The very idea of tolerating an application with low value to the business seems unusual. If it's not useful, why not retire the application? More importantly, how do organizations come to have applications with high-technical fit to fulfill non-essential business needs?
Put simply: things change. A vital application can rapidly become non-essential as business models and the world around you evolves.
Likewise, super applications like Microsoft Office 365 are becoming more common. These act as a one-stop-shop with all the applications you need in one and the capability to create your own custom apps. As your organization acquires super apps, you may find they have features included at no extra cost that could replace single-purpose apps you pay for individually.
For example, LeanIX EAM users could find it more cost-effective to add our value stream management module and software-as-a-service (SaaS) management platform onto their existing subscription, rather than paying for a separate tool.
Likewise, if you upgrade to Microsoft Office 365, you will now have access to Teams and may no longer need Slack or Zoom. Zoom is an effective application, but when you already have an alternative, its value can become questionable.
In this case, however, shouldn't you simply migrate your users over to Teams? Why would you mark Zoom as Tolerate?
When Tolerating An Application Is The Wisest Action
Well, think back to our Jenga analogy. Perhaps an important client cannot access Teams and their contract more than covers the cost of Zoom licenses, even when only used for calls with that client.
Maybe Microsoft Office is hardly used at your organization, but a vital system pulls its data from a single Excel spreadsheet. You may have an Office license that will last another 24 months. As such, taking no action is your best course this year.
Ultimately, a Tolerate application isn't worth investing in to improve or replace, but it's also not worth spending resource to remove it. This, of course, means accepting a flaw in your perfect application rationalization initiative, but only for now.
This is where the 'time' part of the Gartner TIME methodology comes in. Just because you have marked an application Tolerate for now, doesn't mean it will remain in that category.
How To Deal With A Tolerate Application In Gartner TIME methodology
The Tolerate status within Gartner TIME methodology doesn't mean an application has passed inspection and may now remain in your application portfolio forever. Tolerate is more a stay of execution pending appeal.
The Tolerate status means that the application is not of value to the business, but its performance doesn't make it a priority to remove. This status comes with a variety of conditions and restrictions.
1. Restrict Investment Into Tolerate Applications
Firstly, there will need to be a significant business case to making any investment of resources into improving or maintaining the application. So long as it continues to fulfill the minor business need that is staying the executioner's hand, then there is no need to offer the application any budget.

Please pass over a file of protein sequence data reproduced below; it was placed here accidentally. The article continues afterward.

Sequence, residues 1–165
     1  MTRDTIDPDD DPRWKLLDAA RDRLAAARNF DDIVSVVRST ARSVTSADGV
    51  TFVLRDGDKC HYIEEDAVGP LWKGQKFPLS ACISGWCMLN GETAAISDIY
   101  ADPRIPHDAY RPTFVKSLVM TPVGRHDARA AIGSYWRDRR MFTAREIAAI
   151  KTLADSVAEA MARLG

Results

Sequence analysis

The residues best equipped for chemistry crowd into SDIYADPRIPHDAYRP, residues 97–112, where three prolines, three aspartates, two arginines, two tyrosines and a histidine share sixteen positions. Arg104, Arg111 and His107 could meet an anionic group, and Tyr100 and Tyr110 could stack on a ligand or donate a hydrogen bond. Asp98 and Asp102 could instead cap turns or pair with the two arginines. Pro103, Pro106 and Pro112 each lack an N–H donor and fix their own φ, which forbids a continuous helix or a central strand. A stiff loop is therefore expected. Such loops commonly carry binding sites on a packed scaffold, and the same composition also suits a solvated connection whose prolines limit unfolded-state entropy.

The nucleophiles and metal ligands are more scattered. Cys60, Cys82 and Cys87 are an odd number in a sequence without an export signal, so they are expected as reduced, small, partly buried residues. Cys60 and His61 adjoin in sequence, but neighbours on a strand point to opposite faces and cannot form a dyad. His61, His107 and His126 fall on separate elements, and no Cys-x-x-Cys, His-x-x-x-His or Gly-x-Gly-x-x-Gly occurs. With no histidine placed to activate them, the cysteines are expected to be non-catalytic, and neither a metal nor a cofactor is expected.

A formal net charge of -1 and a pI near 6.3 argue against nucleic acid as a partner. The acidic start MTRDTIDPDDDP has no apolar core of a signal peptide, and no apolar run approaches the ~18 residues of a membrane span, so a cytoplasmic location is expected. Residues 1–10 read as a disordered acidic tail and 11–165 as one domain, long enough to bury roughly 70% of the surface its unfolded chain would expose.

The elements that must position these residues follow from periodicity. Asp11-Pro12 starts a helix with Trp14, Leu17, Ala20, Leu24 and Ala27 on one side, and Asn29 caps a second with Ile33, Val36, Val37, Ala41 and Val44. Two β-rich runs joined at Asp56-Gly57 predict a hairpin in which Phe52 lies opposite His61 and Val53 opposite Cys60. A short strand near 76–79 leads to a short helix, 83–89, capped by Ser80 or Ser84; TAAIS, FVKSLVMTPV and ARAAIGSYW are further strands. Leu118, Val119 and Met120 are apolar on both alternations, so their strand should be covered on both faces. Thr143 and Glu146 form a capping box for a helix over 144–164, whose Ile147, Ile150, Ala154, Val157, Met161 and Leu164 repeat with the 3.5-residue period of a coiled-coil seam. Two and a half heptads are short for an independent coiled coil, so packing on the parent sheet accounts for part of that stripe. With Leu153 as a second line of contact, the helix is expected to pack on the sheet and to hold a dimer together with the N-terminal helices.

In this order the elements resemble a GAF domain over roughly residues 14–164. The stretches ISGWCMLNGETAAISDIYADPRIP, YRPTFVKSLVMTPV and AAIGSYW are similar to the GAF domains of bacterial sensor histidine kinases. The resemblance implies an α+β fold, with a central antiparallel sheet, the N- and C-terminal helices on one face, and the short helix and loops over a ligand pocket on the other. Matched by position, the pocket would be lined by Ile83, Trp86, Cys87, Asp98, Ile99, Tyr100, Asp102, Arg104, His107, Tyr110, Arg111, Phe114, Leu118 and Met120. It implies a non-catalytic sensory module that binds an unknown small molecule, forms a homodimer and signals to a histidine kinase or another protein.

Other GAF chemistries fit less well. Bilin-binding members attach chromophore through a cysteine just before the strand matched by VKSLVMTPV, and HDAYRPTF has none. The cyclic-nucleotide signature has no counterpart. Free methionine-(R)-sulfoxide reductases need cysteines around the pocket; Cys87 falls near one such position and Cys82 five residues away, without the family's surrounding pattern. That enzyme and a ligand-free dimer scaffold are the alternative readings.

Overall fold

2. Monitor For Increased Risk
On the other hand, you should keep an eye on the application for risk. Of course, to gain Tolerate status, the application must not be a risk, but ceasing support for the application could create security and stability issues, so the application should be monitored.
3. Look For Alternatives
As we noted above, many essential and - at the time - innovative applications have since become so easy to implement that their functionality comes built into other applications. Likewise, there may be free or low-cost applications or simple workarounds that fulfill the business need. Keep an eye out for alternatives that are easy to migrate to and prepare to change the Tolerate status to Migrate.
4. Continually Re-evaluate
Since the application's value has decreased over time, it's likely it will continue to do so. You may find the business value continues to decrease to the point where the application falls out of Tolerate into Eliminate. Either way, you should regularly re-evaluate the status of Tolerate applications.
Tolerate As The "Hold" State In Gartner TIME Methodology
So, to summarize, the Tolerate condition within the Gartner TIME methodology is when an application is of a high technical fit, but low functional fit to the business. In this case, it's likely more effort than it's worth to either invest in or eliminate at this time and it should remain in its current state until suitable to move to one of the other statuses.
This makes it the easiest of the four statuses to explain and an appropriate one to start with. In the next part of this series, we'll look at the opposite case: where a high-value application is worthy of investment.
In the meantime, find out more about how the LeanIX platform supports your application rationalization efforts in the Gartner TIME methodology: